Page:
I found and followed several Facebook and Twitter friends through the Viddy app, but my feed was still populated with videos from celebrities and brands, like Katie Couric and comedian Dane Cook. Unless I’m a huge fan of a celebrity, I’d much rather see videos from my actual friends.
Producing videos with Viddy was the most intuitive experience of all three of the apps I tried. I could choose a thumbnail for my video, apply one of 17 video effects and add one of 18 music tracks. The short video clips were accessible about a minute after I applied effects to them — from there, I could share them via email, text message, Facebook, Twitter, Tumblr and YouTube.
If a Facebook friend wanted to watch the video I shared, he or she would be prompted to sign in through Facebook Connect in order to watch the Viddy video. However, a friend watched my Viddy video as a “guest” of Viddy, without logging in, and her actions were still logged on her Facebook activity feed.
In my experience with Viddy, my social-sharing settings remained off once I adjusted them. These settings can be found in the upper-right section of the Viddy Web page; in the mobile app, you have to go to your own profile first, then look for the settings button in the upper-right corner.
Mobli is a free photo and video app available for iPhone, Android and BlackBerry.
I used Mobli on my iPhone, connected through Facebook Connect and posted a couple of fun videos from our just-concluded D10 conference. I had the option to apply one of eight filters, which are somewhat hidden behind a small “Fx” button in the lower right-hand portion of the app’s interface.
After creating a video, I could share it to Facebook, Twitter, or via email or SMS. Friends who clicked on my Mobli links on Facebook or Twitter informed me that they couldn’t watch my video without first logging into Mobli.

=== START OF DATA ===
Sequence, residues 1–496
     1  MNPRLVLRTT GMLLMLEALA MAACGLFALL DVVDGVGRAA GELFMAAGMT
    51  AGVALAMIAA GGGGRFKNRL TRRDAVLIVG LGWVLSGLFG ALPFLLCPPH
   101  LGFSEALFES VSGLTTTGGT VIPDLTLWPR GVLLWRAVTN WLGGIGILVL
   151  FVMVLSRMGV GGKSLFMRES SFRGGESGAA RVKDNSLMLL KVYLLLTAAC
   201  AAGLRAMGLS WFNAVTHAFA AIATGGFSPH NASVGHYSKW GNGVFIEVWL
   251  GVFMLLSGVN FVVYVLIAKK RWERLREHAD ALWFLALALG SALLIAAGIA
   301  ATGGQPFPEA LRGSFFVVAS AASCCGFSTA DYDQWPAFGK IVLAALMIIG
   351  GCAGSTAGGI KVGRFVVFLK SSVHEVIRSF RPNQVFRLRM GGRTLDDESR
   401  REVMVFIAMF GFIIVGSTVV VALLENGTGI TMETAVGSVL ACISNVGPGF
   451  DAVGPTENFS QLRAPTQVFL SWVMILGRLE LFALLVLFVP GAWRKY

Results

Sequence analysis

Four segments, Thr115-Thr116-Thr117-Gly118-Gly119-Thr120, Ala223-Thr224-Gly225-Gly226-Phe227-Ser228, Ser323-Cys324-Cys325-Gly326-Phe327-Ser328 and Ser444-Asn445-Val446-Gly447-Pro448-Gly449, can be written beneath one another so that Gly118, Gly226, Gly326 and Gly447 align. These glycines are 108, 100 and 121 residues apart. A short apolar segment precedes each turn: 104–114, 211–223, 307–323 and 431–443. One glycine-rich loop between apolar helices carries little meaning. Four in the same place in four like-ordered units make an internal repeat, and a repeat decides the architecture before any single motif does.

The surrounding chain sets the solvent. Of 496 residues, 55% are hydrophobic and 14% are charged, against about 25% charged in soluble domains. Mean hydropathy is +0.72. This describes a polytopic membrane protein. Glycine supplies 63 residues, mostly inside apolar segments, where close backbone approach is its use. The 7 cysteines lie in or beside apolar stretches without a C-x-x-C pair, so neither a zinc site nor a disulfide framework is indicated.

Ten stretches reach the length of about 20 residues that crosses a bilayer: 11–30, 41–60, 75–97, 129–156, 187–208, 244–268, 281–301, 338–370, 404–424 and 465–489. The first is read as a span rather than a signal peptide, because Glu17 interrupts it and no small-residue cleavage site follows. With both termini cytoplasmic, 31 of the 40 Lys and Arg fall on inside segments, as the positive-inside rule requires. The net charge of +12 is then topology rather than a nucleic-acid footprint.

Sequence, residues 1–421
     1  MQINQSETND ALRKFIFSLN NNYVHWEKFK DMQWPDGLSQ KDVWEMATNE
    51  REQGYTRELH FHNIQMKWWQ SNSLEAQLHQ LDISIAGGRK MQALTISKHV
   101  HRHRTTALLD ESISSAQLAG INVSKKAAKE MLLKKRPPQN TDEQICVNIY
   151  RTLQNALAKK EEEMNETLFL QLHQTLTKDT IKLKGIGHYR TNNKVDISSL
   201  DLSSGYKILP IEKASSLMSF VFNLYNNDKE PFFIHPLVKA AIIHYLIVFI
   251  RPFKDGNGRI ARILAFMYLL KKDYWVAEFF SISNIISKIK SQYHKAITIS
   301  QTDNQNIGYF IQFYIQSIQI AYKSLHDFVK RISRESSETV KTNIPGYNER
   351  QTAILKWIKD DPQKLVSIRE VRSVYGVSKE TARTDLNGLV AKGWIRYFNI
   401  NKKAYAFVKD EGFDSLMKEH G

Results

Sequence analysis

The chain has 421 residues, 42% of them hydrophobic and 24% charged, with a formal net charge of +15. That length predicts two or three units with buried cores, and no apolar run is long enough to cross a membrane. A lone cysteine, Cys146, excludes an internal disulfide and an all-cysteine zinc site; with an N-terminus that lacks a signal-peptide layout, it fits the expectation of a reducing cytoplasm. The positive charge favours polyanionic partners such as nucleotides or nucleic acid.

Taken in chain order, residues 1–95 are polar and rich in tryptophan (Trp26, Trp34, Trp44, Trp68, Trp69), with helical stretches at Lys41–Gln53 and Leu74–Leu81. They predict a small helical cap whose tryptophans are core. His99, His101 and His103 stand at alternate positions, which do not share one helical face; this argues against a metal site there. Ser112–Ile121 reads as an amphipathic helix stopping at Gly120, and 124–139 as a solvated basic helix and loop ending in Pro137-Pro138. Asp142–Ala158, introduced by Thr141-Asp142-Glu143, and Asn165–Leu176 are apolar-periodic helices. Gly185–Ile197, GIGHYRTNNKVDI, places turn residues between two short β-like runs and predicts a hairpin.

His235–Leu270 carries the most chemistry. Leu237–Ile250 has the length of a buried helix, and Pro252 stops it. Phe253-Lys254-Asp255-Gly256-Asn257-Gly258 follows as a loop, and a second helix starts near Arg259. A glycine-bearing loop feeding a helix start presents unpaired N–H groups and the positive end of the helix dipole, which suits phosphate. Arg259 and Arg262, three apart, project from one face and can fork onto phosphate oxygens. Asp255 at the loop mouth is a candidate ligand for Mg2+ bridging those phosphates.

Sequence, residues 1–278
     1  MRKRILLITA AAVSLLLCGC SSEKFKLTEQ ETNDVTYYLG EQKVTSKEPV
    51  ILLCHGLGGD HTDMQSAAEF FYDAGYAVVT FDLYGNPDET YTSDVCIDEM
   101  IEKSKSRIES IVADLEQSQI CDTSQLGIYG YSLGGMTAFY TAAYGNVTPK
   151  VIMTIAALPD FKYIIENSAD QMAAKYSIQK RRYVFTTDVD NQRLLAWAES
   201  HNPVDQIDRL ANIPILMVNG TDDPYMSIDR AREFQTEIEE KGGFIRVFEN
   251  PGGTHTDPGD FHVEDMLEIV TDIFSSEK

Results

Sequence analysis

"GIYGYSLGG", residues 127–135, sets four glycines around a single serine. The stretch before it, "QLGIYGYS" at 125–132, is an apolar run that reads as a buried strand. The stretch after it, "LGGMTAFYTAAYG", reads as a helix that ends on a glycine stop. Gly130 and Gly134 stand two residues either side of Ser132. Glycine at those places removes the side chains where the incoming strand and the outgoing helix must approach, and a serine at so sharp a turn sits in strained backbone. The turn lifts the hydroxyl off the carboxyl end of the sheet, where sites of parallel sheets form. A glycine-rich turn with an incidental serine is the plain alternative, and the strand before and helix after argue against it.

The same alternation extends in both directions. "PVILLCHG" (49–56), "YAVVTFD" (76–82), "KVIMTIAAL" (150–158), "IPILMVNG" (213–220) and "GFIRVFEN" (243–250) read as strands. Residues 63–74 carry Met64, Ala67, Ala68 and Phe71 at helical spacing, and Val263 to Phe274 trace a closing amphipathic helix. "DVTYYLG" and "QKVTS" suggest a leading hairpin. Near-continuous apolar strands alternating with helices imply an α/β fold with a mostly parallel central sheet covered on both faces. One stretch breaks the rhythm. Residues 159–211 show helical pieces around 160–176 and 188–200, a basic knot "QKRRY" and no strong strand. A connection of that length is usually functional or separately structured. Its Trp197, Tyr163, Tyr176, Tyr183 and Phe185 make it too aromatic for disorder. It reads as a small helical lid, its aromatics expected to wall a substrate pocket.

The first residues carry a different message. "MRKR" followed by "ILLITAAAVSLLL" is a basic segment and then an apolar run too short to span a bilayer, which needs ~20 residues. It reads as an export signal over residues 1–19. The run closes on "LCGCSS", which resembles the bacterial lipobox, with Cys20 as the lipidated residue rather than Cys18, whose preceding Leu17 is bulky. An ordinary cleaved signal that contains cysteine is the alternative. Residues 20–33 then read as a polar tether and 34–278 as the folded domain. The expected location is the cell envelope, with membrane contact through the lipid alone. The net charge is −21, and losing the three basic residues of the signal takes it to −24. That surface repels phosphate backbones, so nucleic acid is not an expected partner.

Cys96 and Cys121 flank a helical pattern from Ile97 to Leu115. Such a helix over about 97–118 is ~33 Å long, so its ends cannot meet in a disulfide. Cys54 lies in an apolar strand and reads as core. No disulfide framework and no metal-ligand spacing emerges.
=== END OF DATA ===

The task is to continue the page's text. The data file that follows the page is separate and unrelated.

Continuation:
That didn’t stop my videos from being viewed, however. Mobli videos are distributed to different feeds, called “Channels,” within the app, in order to generate feedback. Within a couple days of posting my first video, it had been viewed 326 times by other Mobli users, with several “likes” and comments from people I didn’t know.
Mobli has multiple feeds and really highlights celebrity accounts; finding actual friends to follow was difficult. According to Mobli’s creator, in recent days the app has been suffering from a technical glitch that prevents you from following your Facebook or Twitter friends.
This meant that I was only seeing the feeds of famous people, or people I didn’t know at all. I like Leonardo DiCaprio, but there were only so many clips and photos of “The Great Gatsby” that I wanted to see.
The videos I watched on Mobli appeared in my Facebook feed by default. I had to go into the privacy settings in the app and uncheck a few items to make my viewing habits private.
Another drawback of Mobli is there is currently no way to block any other user from following you, though the company says it’s working on that.
All three of these apps are good for punching up, producing and easily sharing smartphone video clips, but the privacy-concerned consumer will want to take a hard look before using these — or before connecting them through various social networking services.